Overview: The Concealed Information Test (CIT) can prove useful in assessing clinical populations where individuals are unable or unwilling to report on their mnemonic experience. Unlike the traditional use of the CIT, where one assumes that individuals are willfully deceiving or concealing information, in clinical settings the CIT is employed to probe whether traces of memory may be present without necessarily assuming deception on the part of the examinee. A small clinical literature has utilized both autonomic and central psychophysiological measures in the CIT paradigm to assess such conditions as prosopagnosia and Dissociative Identity Disorder, and also to assess the possibility of malingering in memory assessment contexts. To date, the key unresolved issue for clinical assessment is whether evidence of recognition with the CIT reflects explicit vs. implicit memory. Clinical applications of the Concealed Information Test The Concealed Information Test (CIT) has not been widely used in clinical populations or clinical applications, but illustrative studies suggest that it may provide a useful method for assessing clinical conditions where individuals are unable or unwilling to report on their mnemonic experience. Applications may include a fairly typical implementation of the CIT when assessing memory in cases of claimed amnesia where there is reason to suspect malingering, but they may also involve assessing populations where there is no reason to suspect individuals are willfully misrepresenting their experience.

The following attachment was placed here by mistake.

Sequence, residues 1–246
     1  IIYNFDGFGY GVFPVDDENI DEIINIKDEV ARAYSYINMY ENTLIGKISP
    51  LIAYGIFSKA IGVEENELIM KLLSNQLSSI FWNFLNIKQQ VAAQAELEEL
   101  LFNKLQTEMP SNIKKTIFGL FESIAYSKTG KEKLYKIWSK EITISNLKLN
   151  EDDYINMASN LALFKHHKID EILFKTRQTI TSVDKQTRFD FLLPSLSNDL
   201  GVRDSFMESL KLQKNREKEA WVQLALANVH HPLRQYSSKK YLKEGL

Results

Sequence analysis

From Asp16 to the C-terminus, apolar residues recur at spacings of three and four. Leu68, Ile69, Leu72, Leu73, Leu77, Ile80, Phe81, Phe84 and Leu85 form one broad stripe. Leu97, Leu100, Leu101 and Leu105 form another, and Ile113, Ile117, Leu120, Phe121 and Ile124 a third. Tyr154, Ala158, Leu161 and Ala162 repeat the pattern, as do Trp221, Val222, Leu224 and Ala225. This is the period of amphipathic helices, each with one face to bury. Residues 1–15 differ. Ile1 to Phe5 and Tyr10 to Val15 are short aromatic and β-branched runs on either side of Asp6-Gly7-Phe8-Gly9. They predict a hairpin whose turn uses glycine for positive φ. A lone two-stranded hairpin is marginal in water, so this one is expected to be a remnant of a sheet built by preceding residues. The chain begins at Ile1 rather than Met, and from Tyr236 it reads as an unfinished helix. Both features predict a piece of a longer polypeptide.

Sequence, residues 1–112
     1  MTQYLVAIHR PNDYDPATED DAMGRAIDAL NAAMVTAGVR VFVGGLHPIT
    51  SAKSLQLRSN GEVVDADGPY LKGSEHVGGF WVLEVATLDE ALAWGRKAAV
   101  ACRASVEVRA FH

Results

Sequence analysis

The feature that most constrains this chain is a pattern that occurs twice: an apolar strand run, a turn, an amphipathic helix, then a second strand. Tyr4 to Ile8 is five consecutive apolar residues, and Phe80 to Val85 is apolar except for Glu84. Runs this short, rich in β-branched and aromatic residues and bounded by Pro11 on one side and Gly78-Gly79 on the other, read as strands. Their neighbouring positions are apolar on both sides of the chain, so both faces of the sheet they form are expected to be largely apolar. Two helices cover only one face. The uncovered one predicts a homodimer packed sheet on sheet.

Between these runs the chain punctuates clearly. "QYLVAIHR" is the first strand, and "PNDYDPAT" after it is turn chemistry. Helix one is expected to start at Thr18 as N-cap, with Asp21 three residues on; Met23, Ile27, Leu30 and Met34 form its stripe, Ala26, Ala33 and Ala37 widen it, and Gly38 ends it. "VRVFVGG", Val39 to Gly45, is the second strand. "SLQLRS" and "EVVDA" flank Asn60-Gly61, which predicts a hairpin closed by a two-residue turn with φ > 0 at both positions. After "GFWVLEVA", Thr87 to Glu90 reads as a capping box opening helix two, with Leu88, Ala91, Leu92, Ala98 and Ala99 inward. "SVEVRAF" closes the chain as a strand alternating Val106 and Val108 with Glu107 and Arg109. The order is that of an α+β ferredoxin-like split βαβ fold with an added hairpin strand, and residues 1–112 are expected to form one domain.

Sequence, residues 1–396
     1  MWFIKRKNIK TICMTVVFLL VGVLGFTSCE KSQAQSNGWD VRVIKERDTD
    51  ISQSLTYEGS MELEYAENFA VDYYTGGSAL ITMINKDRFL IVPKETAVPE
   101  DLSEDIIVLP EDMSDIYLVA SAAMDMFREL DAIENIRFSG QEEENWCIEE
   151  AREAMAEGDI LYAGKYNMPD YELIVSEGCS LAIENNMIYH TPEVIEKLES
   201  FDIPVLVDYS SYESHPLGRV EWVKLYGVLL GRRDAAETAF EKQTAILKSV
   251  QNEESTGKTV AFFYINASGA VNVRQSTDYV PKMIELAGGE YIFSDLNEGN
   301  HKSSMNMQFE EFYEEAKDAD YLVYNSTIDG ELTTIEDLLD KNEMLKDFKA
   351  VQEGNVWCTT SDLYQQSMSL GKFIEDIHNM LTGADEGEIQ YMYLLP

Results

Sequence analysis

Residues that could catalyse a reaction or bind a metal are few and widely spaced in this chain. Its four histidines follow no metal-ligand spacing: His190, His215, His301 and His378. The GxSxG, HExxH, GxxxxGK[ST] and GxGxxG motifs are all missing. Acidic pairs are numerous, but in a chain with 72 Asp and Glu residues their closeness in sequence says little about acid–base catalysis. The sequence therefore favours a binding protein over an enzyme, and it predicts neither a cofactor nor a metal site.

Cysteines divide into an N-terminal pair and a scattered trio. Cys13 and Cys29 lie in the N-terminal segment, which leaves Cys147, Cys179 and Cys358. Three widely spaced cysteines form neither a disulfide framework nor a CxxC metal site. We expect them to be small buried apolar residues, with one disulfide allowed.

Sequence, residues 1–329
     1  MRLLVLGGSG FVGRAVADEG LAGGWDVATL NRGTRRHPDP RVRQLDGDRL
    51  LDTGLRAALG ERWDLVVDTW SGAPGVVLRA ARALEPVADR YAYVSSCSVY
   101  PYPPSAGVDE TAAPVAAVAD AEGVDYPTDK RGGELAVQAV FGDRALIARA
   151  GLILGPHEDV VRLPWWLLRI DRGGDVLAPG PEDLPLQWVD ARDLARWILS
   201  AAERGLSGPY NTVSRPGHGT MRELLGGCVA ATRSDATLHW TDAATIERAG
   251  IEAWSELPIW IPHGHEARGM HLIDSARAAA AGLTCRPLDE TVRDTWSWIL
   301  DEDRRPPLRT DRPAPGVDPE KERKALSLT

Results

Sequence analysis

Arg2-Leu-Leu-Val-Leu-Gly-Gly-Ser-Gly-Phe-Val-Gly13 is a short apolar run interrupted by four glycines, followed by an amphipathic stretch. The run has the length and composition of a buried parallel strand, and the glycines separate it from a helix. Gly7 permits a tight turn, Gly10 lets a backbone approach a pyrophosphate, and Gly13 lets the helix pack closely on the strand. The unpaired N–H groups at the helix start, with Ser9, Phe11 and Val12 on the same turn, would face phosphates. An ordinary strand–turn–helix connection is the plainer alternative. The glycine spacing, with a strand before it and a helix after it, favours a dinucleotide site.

|Original language||English (US)|
|Title of host publication||Memory Detection|
|Subtitle of host publication||Theory and Application of the Concealed Information Test|
|Publisher||Cambridge University Press|
|Number of pages||22|
|State||Published - Jan 1 2011|
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